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Last updated on 11/28/19

Identify your level of autonomy

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Now you have an idea of the issues around autonomy. Before going any further, take a moment to assess your level of professionalism and your need for autonomy.

How far have you got with mastering your own profession?

Your level of autonomy partly depends on your level of competence. Whatever assessment you make of your level, you'll be able to deduce from it the action you need to take.

To help you assess your level of professionalism (and perhaps that of your colleagues with whom you wish to work), you should know that the various stages of development of knowledge can be described along two axes, which will give you four levels:

  • Conscious / unconscious

  • Competent / incompetent

Although self- assessment is essentially subjective, it helps to be completely honest with yourself as to where you are currently. Remember, you are always evolving when it comes to career development!

The various stages can be described in the following terms:

1 - Unconscious incompetence

Unconsciously incompetent or “I don’t know that I don’t know”.

You are starting a new activity. You don’t know what it involves. This might be the case with a trainee taking a work course to change career direction. Upon signing up for the course, they are unconsciously incompetent as to the direction they will take.

In concrete terms, if you assess yourself as being at this level, wait a bit before launching yourself into autonomous activity; because you don’t know what you’re getting into! 😊

2 - Conscious incompetence

Consciously incompetent or “I know that I don’t know”.

You are aware of everything you need to do to acquire a new competence. This can be motivating (or not) for you, because it’s a new project, or else because you’ll meet new people etc.

Returning to the example of the trainee, this is the moment when they arrive at their place of learning, where they start to become aware of what their tutor is asking of them. They are consciously incompetent and motivated (or not) to acquire the expected competence.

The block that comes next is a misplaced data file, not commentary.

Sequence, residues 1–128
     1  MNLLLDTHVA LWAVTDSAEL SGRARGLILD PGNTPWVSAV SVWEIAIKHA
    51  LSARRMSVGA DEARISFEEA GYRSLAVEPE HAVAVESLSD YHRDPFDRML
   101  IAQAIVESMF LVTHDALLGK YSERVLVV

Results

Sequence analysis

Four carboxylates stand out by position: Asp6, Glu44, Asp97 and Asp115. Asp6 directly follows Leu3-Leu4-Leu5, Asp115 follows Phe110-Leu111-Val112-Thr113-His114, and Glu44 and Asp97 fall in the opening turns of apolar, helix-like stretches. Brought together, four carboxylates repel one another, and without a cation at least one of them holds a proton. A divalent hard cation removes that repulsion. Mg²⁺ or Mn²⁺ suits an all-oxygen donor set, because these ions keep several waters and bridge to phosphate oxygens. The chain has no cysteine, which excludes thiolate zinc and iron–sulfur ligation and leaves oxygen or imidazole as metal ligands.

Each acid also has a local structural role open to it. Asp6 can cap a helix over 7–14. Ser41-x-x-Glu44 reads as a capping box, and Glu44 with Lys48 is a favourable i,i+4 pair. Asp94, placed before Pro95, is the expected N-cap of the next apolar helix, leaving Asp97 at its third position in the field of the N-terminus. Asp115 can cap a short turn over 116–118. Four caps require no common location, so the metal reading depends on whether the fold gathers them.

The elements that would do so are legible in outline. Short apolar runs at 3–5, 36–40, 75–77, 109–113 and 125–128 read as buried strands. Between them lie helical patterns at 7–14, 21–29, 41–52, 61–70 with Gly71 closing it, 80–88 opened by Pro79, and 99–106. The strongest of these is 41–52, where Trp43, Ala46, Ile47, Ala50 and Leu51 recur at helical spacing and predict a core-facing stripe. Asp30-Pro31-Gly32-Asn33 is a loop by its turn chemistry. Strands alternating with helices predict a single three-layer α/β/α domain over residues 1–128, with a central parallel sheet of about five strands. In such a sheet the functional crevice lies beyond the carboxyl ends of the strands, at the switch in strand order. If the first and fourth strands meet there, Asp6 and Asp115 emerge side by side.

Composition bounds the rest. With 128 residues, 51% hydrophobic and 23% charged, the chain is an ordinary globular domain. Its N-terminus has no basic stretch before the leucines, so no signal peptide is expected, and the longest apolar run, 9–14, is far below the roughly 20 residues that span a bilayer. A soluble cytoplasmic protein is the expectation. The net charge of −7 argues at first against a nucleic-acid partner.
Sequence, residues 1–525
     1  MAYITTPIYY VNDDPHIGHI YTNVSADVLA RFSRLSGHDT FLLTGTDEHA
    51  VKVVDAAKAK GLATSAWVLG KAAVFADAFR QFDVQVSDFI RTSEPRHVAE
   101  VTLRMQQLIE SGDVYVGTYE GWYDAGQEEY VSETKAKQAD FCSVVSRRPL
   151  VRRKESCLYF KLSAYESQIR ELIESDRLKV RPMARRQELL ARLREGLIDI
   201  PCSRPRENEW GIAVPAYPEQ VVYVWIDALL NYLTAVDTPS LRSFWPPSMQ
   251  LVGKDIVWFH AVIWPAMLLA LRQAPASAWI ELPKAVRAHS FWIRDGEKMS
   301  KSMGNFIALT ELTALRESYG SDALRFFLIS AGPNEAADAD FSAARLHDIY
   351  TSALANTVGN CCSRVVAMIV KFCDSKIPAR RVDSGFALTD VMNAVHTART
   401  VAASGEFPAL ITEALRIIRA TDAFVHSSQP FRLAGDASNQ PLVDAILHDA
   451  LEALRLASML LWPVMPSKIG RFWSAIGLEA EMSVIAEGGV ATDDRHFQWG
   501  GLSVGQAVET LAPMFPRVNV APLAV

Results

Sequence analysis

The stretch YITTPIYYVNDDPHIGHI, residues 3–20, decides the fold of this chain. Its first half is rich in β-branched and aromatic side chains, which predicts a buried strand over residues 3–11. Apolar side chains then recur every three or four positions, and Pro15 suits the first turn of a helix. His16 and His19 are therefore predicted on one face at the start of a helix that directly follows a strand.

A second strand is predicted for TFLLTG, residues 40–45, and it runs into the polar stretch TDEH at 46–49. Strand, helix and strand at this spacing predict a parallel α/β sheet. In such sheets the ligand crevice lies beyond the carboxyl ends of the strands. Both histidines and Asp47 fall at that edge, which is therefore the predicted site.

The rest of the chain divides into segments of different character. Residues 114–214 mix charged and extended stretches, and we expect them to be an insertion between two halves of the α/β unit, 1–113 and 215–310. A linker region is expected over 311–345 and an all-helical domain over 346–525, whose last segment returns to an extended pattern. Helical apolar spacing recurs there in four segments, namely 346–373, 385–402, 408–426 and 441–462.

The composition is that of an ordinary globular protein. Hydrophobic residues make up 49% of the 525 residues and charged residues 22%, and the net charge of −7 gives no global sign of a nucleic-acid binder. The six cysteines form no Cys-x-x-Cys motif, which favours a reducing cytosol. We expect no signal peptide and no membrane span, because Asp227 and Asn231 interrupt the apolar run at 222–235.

In concrete terms, if you assess yourself as being at this level, give yourself the means with which to learn before starting out. You have an idea of what you need to acquire before being able to feel comfortable with your activity. Test yourself, discuss things, learn by watching etc.

3 – Conscious competence

Consciously competent or “I know what I know”.

You’ll have started to take action to learn. You’ll develop the necessary skills, but you also know that you need time to do so, that you’re not yet as fast as seasoned professionals.

In our example, the trainee is getting on with their job. They understand what is expected of them. They know how to find information, whom to turn to; they are autonomous for some tasks. They are quite conscious of the progress they’re making, and that motivates them. They are consciously competent (even if they know that they still have a way to go).

4 – Unconscious competence

Unconsciously competent or “I don’t know what I know”.

Your work over time, your efforts and your investment have brought you to the required (or a higher) level of competence. The automatic reactions are in place, and you carry out your work without thinking about it. You’re at ease, and you are conscious that it’s a pleasant feeling. In our example, the trainee was recruited after their course. They’ve been doing their work for two years now. They’ve completely forgotten the effort it took to get to their current level of competence. They're competent, they know it, but they don’t know exactly at what!

To recap, if you assess yourself as being at this level, you are autonomous! This may even be the time to delegate part of your activity, so that you continue to progress and to maintain the feeling that you’re learning.

What stage are you at in the development of your autonomy?